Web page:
The following reasons show why the seller should nominate the conveyancer in most instances:
- The party more likely to delay the transfer or breach in terms of the agreement is the purchaser.
- It is easier for the seller's conveyancer to ensure that the purchase price of the property be properly secured.
- Until transfer, the property is the seller’s. Therefore, it is logical that his/her own conveyancer protect his/her interests.
- The argument might hold that since the purchaser pays the transfer duty, he/she should nominate the conveyancer, but this is not so when the seller pays VAT.
- In transfers from developments such as townships or sectional title schemes, the seller's conveyancer is in the best position to coordinate the sequence of transactions.
- In auction cases the conveyancer is also nominated by the seller.
It is however true that sometimes it is preferable for the purchaser's conveyancer to act. The seller and purchaser could therefore agree in the deed of sale that the purchaser has the right to appoint the transferring attorney. The conveyancer has a duty of care towards the seller and the purchaser at all times and will not neglect the one in favour of the other.
Some law firms have more than one conveyancer and it is good practice to include the name of the conveyancer together with the relevant firm name. This would make it easier to allocate instructions to the appropriate conveyancer and his/her secretary.
Use the following criteria when appointing your conveyancer:
- Capability of handling the specific instructions;
- up-to-date knowledge of Namibian conveyancing law and practice;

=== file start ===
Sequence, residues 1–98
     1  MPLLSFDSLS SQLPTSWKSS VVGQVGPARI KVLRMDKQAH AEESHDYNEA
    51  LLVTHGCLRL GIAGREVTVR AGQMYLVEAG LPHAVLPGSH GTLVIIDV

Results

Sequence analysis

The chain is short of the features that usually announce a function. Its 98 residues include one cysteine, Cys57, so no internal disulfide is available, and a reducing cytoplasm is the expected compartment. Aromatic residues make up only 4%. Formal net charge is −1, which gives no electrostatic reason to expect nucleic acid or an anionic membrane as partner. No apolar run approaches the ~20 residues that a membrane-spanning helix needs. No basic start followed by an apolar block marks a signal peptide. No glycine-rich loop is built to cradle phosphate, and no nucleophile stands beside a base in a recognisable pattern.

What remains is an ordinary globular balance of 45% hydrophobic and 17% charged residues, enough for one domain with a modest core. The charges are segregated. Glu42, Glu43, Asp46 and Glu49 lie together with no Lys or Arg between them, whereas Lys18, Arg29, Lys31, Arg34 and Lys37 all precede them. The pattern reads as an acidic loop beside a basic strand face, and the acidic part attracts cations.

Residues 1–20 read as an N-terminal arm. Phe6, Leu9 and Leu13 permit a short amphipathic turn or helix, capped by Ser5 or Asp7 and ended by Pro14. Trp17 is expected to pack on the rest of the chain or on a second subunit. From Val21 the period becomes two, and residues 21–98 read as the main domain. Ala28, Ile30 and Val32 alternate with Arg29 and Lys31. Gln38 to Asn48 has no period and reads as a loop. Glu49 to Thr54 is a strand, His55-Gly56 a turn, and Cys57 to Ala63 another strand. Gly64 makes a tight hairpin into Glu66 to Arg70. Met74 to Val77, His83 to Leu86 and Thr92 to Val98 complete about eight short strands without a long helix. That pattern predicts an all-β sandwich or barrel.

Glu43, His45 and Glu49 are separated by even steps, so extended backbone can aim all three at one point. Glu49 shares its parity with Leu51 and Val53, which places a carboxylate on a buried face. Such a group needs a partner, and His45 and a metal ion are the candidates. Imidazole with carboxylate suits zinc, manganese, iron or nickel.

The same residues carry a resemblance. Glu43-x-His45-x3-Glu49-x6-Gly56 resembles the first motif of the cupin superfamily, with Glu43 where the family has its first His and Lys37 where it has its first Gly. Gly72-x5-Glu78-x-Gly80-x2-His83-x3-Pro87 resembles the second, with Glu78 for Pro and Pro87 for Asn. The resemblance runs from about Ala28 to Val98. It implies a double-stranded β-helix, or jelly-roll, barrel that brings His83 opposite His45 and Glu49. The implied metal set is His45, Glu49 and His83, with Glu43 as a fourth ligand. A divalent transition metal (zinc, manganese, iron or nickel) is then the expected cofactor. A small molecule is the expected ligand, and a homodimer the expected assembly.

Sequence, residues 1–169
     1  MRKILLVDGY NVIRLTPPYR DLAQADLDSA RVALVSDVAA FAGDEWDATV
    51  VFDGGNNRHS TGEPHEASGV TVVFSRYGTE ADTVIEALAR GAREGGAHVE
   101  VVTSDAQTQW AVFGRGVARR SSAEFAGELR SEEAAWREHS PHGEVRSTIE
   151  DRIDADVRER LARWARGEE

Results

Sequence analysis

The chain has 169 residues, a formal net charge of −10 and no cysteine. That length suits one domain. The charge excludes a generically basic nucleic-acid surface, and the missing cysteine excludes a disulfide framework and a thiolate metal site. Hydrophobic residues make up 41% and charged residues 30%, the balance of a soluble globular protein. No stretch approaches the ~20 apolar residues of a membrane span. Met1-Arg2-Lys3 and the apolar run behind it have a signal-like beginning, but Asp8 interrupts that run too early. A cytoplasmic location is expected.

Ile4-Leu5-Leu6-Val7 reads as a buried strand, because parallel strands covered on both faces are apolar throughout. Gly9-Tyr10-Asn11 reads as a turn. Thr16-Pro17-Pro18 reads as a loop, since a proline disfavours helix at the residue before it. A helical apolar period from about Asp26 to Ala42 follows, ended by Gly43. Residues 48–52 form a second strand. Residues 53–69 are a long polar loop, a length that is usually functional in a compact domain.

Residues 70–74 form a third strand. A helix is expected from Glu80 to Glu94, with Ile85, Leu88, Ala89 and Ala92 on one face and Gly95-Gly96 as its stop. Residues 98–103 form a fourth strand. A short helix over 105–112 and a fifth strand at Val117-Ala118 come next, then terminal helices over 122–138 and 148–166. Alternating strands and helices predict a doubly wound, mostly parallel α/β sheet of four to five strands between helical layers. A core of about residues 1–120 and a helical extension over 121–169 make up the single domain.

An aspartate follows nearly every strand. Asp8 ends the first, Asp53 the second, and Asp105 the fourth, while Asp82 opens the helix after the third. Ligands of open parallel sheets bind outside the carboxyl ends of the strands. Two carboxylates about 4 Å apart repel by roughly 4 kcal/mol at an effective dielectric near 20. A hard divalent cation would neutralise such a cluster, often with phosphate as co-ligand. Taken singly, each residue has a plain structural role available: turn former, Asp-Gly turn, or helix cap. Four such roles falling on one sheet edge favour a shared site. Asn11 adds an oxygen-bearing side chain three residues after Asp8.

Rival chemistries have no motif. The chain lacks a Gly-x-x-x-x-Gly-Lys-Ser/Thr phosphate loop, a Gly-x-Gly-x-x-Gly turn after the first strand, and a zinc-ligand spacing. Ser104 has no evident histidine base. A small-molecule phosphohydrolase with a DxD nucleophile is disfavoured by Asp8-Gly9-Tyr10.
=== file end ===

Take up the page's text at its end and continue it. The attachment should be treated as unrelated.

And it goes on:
- good communication with clients and other stakeholders;
- organisation and administration skills; and
- the capability of balancing accuracy and speed.
- Selling a rented property: If a seller has entered into a lease agreement with a tenant, this must be disclosed to the potential purchaser and the best is to disclose this in the sales agreement also. Tenants will be protected by the “huur gaat voor koop” principle for the duration of their lease agreement.
- Cancellation/Settlement Figures on an existing Mortgage/Bond. Guard against fixing the price at a lower amount than the cancellation amount required by the bank to cancel your existing bond. It would be prudent to accept an offer which is lower than what is needed to cancel your bond. Make sure to get the necessary confirmation from your bondholder that the selling price would in fact be higher than the total cancellation amount. If it is not and you cannot pay the difference, you could be in breach to deliver the object of the contract.
Penalty interest: Many homeowners (mortgagers) are not aware of the fact that the average home loan agreement of most financial institutions and major banks contains a “penalty interest clause” for the early cancellation of the mortgage bond. This penalty for early cancellation, although rightfully there, can do more harm to the mortgager than anticipated if it is ignored. In terms of this clause, the mortgager is typically required to give the relevant bank at least three months’ notice prior to cancelling the bond.